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Dushan Milic for The Globe and Mail
Dushan Milic for The Globe and Mail

Business travel

When you need to be at the front of the line Add to ...

On Sunday, Canadians will be able to buy into an American registered-traveller program for the first time, but should we?

Registered-traveller programs charge passengers an annual fee for the fast-lane pre-security privileges allotted to those with premium tickets or elite loyalty status. For frequent travellers, including those who long ago realized that only certain airports have lines for elite or business-class passengers, registered travel seems an obvious boon. Those lines are hell, and when you're in the middle of one with your flight time approaching, you'd pay just about anything to get to the front of it.

But there are problems.

First, only three airports have signed up with any of the three American companies planning to provide the service. Second, a previous attempt in this business failed. In 2005, a company called Clear, working with the Transportation Security Administration, had an extensive registered-traveller program for American citizens in 21 airports across the U.S., and despite many glowing reviews went bankrupt four years later - a victim, industry insiders say, of overextension.

So the question is: Should you spend about $200 a year for membership in a program whose very foundations are reliability and ubiquity but is currently offering neither?

The first of the registered-traveller services to roll out will be offered by iQueue, a newcomer that will start selling memberships on Sunday, and has signed up the Indianapolis airport to get the fast lanes running by Aug. 16. It's in negotiations with four or five other airports, according to managing partner Fred Fischer, though as yet no one else had signed on the dotted line. The standard fee for iQueue will be $169 (U.S.) with various early-bird offers promised. And, along with the other two providers, iQueue promises "interoperability": It will honour its competitors' memberships and vice versa. "No one company can build a nationwide network," Fischer says, pointing to Clear's overextension problem.

On flyertalk.com, where frequent and enthusiastic flyers kvetch, there's quite a bit of support for the new service, even from those who lost money when the old one went under. Bay-area tech employee Ian Fette was a Clear subscriber and says the service was invaluable. San Francisco airport "can be unpredictable - the crew will cut to the front of the line - and you never know how long it's going to take in Seattle either, so just being able to go to the front was worth the annual fee."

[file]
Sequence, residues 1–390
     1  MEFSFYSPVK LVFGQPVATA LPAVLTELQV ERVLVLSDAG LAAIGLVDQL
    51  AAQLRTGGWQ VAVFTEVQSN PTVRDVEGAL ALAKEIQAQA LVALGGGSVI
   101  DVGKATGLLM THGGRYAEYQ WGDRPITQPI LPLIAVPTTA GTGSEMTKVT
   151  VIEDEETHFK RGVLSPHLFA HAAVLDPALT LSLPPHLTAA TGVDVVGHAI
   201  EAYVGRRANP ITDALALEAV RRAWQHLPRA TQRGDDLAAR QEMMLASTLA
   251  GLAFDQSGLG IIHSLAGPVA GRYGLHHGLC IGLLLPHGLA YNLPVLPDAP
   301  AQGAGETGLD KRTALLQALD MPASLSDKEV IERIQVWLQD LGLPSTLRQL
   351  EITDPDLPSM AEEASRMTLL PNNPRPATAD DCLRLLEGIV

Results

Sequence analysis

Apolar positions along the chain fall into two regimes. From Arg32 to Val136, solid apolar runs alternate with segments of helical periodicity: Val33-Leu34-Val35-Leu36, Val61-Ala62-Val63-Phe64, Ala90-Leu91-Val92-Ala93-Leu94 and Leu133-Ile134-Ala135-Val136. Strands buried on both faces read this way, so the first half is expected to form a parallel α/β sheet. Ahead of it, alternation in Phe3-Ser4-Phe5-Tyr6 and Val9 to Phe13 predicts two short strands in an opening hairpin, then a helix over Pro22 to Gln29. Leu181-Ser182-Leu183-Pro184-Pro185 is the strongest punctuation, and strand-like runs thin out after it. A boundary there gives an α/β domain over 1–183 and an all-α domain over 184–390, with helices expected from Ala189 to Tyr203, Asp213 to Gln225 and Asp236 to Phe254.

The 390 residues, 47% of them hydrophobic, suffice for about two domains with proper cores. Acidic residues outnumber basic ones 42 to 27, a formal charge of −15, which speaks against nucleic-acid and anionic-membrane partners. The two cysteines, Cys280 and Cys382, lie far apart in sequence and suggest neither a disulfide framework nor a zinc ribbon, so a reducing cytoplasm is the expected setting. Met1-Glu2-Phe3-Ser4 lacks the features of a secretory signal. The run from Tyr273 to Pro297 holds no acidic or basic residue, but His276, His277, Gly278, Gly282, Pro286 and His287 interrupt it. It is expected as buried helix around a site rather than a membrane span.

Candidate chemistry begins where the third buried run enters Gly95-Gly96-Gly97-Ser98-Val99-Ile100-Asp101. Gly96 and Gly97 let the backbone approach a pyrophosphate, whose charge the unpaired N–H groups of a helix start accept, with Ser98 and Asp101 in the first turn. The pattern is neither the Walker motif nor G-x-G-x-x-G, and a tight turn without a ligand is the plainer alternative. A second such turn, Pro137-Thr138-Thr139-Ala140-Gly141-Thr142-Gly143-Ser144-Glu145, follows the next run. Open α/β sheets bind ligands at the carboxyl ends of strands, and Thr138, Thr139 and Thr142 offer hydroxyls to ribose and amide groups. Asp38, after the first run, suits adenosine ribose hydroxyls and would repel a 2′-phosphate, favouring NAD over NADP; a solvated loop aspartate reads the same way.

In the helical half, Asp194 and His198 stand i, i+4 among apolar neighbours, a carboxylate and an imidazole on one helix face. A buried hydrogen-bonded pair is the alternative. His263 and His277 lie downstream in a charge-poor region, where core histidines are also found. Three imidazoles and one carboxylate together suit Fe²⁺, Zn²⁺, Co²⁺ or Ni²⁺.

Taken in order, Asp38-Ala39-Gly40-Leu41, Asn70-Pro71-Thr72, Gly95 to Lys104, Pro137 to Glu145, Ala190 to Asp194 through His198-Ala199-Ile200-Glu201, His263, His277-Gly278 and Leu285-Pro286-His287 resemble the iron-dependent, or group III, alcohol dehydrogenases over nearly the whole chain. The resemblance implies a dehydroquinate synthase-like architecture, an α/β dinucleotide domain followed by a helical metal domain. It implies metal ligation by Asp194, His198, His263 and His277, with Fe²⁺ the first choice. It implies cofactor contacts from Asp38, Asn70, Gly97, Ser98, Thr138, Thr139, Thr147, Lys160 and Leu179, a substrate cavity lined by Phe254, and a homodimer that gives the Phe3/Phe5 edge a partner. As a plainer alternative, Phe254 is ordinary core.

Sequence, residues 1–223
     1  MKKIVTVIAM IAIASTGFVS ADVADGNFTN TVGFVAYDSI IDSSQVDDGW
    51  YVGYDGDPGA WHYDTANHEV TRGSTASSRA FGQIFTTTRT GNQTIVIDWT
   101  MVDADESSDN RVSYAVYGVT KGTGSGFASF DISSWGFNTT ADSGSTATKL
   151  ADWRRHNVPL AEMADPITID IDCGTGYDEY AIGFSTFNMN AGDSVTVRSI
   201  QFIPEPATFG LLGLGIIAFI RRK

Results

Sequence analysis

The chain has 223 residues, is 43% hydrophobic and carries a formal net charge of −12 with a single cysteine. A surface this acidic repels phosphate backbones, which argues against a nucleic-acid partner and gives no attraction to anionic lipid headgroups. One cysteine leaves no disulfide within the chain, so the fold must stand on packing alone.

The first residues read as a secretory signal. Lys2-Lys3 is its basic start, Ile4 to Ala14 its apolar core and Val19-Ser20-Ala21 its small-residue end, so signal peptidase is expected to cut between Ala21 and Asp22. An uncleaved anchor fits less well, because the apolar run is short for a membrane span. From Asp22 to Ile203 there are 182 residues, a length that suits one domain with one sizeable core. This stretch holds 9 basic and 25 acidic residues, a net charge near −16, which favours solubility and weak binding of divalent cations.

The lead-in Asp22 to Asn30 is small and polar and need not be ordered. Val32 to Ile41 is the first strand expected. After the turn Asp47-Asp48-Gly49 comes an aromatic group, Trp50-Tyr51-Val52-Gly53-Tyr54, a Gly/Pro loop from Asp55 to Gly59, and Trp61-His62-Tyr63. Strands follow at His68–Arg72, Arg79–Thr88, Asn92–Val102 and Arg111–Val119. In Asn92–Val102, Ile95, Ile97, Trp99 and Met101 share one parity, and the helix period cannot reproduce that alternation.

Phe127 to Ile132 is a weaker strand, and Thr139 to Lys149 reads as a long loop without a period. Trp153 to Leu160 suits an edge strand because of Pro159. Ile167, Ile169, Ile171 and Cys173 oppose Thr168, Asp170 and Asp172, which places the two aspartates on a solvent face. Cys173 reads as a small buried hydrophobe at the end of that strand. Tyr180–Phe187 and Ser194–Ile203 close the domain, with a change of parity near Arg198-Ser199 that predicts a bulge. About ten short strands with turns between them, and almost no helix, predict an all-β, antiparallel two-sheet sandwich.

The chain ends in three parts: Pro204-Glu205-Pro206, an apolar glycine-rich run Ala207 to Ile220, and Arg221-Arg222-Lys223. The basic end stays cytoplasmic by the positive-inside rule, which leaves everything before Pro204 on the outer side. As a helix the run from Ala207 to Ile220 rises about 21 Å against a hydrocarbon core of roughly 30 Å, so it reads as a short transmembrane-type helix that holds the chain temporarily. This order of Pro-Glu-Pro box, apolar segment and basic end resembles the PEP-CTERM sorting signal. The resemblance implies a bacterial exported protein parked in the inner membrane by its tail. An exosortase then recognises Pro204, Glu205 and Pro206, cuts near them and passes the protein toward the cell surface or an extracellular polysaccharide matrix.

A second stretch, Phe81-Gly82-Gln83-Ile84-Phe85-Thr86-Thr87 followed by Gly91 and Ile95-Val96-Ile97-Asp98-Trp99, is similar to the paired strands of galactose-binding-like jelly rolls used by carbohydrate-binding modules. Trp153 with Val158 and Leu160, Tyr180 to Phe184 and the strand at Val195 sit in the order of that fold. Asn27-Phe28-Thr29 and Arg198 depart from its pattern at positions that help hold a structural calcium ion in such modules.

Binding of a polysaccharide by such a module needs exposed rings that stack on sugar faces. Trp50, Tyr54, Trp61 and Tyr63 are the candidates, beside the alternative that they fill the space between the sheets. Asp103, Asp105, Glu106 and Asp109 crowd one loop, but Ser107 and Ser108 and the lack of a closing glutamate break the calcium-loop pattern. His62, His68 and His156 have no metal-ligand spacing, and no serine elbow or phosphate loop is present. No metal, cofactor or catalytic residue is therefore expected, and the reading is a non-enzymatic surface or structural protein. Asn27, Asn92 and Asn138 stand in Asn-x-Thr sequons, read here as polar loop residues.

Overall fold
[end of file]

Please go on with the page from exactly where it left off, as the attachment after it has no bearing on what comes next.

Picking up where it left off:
Clear, because of its name recognition, is seen as the early leader in the field, and its new chief executive officer is at pains to calm fears of an instant replay.

"Clear failed because of a bloated cost structure, financial leverage and an economic downturn," says Caryn Seidman-Becker, the former capital management executive who is leading the new effort. "We have no leverage, no debt. The enrolment process is important, and the rollout strategy."

The new Clear will launch in the fall at the Denver airport - which alone had 20,000 Clear members in the past - and Orlando is scheduled to follow shortly thereafter. (Clear will not initially make memberships available to Canadians.)

The third service is JetLanes, pulled together by staff of the former Clear. It has no airports yet, but is pursuing agreements with airlines.

It really comes down to faith. If you buy in, your early-adopter membership could help to establish a system that may help business travellers cut time from U.S. airport waits.

Or you could just be out $200.

Special to The Globe and Mail

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